June 3, 2007

The Tarnished City on a Hill

On Friday, President George W. Bush attempted to muster some righteous outrage about the detention of four Iranian-Americans by the regime in Tehran, condemning Iran's imprisonment of American citizens and calling for them to be freed "immediately and unconditionally." In a prepared statement, the president added, "Their presence in Iran - to visit their parents or to conduct humanitarian work - poses no threat."

Iran, for its part, accuses the United States of using intellectuals and others inside the country to undermine the Islamic Republic through what it calls a "velvet revolution." Dual U.S.-Iranian citizens Haleh Esfandiari, an academic, Kian Tajbakhsh, a social scientist, and Parnaz Azima, a journalist, have been charged with spying. A fourth Iranian-American, Ali Shakeri, a California businessman, has also been detained, and if convicted, the four could face death under Islamic Sharia law.

Meanwhile, only one day earlier, the Senate Intelligence Committee issued a wide-ranging report to accompany authorizing legislation for American intelligence programs. Among the items evaluated in that report was the "secret interrogation" program run by the Central Intelligence Agency, which includes techniques pioneered in the modern era by none other than the Gestapo, Adolph Hitler's secret police. As part of the authorization process, Senators Sheldon Whitehouse (D-RI) and Diane Feinstein (D-CA) led an effort to cut off funding for the CIA interrogation program, but were stymied by one of their own, Democrat Bill Nelson of Florida.

Nelson crossed party lines to defeat the Whithouse-Feinstein amendment, ensuring that the Central Intelligence Agency would have a free hand to continue using techniques such as waterboarding, which are in violation of law enforcement standards of procedure, the U.S. Army field manual and the Geneva Conventions. Unable to financially strangle this abomination, committee leaders were left to weakly conclude:
More than five years after the decision to start the program, the committee believes that consideration should be given to whether it [the CIA program] is the best means to obtain a full and reliable intelligence debriefing of a detainee... Both the Congress and the administration must continue to evaluate whether having a separate CIA detention program that operates under different interrogation rules than those applicable to military and law enforcement officers is necessary, lawful and in the best interests of the United States.
Two weeks prior to Nelson's betrayal of real American values, the second Republican presidential debate was held in South Carolina, with the leading candidates working hard to establish their conservative credentials (at least as they are defined today in the United States). Pushing hardest was former Massachusetts governor Mitt Romney, who, when asked about interrogation methods for terrorist suspects, declared that he would like to double the capacity of the prison camp at Guantanamo Bay, Cuba, which houses more than 500 foreign nationals outside of the American judicial system. Demonstrating a thorough contempt for American values and the lessons of history, Romney opined:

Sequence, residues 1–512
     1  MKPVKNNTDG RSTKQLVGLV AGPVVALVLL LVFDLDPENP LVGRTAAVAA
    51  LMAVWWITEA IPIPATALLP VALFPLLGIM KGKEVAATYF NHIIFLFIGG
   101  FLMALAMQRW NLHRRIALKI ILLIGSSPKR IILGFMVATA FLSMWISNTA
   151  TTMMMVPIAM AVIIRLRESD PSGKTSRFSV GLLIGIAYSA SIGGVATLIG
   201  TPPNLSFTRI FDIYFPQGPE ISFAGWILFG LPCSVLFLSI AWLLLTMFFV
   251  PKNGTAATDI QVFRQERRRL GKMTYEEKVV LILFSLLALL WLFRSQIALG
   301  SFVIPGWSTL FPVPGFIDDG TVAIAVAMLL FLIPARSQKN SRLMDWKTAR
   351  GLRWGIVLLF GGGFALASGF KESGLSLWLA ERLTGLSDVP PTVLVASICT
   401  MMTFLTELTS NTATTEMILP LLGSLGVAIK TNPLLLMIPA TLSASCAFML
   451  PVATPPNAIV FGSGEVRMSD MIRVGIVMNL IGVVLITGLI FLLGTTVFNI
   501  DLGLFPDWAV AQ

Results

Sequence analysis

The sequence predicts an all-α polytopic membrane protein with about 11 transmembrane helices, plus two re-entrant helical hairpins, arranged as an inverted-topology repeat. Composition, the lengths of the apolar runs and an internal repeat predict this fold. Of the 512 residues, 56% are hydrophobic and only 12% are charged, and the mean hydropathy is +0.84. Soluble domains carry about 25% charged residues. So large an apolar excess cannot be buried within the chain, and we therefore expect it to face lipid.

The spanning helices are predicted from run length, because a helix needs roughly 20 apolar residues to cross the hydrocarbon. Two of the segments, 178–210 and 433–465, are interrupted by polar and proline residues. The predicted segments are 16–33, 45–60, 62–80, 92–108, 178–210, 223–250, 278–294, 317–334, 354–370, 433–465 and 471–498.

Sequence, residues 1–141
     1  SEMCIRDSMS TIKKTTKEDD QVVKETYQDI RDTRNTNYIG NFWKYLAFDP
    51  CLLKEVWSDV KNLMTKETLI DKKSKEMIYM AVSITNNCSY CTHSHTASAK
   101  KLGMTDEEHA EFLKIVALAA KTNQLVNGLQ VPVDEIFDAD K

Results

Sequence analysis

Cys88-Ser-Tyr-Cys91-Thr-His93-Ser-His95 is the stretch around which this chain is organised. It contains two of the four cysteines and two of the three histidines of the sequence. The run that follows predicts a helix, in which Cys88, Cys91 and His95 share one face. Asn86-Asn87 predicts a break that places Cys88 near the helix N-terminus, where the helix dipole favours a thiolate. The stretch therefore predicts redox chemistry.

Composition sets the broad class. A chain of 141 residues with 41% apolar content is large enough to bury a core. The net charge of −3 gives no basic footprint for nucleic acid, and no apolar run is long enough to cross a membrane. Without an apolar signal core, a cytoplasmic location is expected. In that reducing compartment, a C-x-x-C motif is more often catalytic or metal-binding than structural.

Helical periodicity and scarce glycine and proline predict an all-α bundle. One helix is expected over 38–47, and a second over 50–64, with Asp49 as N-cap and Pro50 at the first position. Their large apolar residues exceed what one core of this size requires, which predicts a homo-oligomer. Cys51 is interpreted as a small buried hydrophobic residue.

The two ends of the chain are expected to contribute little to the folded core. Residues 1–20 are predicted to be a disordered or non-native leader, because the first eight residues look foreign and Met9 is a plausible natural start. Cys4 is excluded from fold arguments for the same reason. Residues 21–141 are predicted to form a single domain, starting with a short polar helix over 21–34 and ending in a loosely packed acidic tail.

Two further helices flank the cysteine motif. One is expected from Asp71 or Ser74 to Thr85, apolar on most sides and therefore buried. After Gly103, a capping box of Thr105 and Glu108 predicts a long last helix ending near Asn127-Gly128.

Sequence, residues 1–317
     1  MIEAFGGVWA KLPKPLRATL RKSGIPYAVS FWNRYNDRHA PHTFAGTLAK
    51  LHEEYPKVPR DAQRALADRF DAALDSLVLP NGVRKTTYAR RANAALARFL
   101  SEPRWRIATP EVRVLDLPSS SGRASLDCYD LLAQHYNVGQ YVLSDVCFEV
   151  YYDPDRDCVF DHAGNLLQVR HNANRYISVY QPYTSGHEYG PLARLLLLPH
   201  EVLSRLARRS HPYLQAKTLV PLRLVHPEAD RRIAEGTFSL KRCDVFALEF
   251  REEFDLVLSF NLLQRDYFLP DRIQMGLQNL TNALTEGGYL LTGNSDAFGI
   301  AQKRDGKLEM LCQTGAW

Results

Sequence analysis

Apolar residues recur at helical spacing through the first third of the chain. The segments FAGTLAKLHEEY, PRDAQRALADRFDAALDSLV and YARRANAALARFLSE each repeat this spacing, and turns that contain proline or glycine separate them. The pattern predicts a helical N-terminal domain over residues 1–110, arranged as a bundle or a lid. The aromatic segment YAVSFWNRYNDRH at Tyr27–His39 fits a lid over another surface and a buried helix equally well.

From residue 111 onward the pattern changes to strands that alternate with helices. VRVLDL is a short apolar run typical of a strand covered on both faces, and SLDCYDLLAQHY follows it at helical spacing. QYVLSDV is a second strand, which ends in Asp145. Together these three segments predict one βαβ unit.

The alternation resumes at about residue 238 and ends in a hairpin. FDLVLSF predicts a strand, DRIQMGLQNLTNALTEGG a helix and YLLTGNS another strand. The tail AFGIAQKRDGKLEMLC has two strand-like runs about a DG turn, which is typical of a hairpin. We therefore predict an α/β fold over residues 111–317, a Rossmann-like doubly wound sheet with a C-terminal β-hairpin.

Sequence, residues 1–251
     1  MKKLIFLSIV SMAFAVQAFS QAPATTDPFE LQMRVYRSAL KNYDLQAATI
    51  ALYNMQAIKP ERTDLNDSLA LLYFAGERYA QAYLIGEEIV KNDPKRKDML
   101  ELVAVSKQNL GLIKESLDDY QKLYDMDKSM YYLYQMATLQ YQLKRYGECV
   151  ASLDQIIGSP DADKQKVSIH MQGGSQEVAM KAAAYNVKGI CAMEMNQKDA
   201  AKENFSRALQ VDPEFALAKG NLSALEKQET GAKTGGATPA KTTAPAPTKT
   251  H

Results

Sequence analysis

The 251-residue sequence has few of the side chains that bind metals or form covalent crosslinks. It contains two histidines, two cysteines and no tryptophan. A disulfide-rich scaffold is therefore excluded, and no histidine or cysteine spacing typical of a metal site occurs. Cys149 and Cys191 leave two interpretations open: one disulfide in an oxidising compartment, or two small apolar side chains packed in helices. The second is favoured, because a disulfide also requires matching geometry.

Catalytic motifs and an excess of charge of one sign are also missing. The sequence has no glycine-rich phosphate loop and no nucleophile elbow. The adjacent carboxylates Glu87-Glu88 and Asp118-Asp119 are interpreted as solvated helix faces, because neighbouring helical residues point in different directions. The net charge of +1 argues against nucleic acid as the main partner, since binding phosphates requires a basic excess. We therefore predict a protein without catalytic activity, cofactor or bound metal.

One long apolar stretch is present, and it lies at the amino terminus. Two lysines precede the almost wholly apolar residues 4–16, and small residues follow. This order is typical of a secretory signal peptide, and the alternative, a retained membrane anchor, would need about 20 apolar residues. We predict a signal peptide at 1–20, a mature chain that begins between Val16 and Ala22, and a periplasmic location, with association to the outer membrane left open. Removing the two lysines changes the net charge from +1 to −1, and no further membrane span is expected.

I don't want them on our soil. I want them on Guantanamo, where they don't get the access to lawyers that they get when they're on our soil. I don't want them in our prisons. I want them there. Some people have said we ought to close Guantanamo. My view is we ought to double Guantanamo.
The upshot of all this is that, in our panic to use any means to fight the battle for security, we have already begun losing the war. The four Iranian-Americans may be completely innocent of the charges that have been leveled against them, but in a day when the President Bush has authorized the CIA to pursue renewed destabilization efforts against Tehran, it is certainly possible that they are not.

In either case, however, the United States has ceded any moral high ground we might otherwise claim with regard to prisoner treatment and judicial review for detainees. Our policies at Abu Ghraib and Guantanamo, our extraordinary rendition program, and our moral exceptionalism in the wake of 9/11 are placing our troops and our citizens in greater danger of mistreatment at the hands of our emeies. "Secret interrogations" undermine everything we are supposed to stand for as Americans, and as Lieutenant Commander Charles Swift put it:
It‘s not whether they deserve it or not. It‘s how we conduct ourselves. It has to do where if we say that our opponent can cause us not to follow the rules anymore, then we‘ve lost who we are. We‘re the good guys. We‘re the guys who follow the rule and the people we fight are the bad guys and we show that every day when we follow the rules, regardless of what they do. It‘s what sets us apart. It‘s what makes us great and in my mind, it‘s what makes us undefeatable, ultimately.
To be clear, the mullahs in Tehran are a theocratic dictatorship with a stranglehold on political power that they are in no way inclined to relinquish. But if civil liberties in Iran are a joke, we have made it easier for that country's leaders to maintain the repression of its citizens; they can simply claim they are acting no worse than that one-time beacon of liberty, that now-tarnished shining city on a hill, the United States of America.

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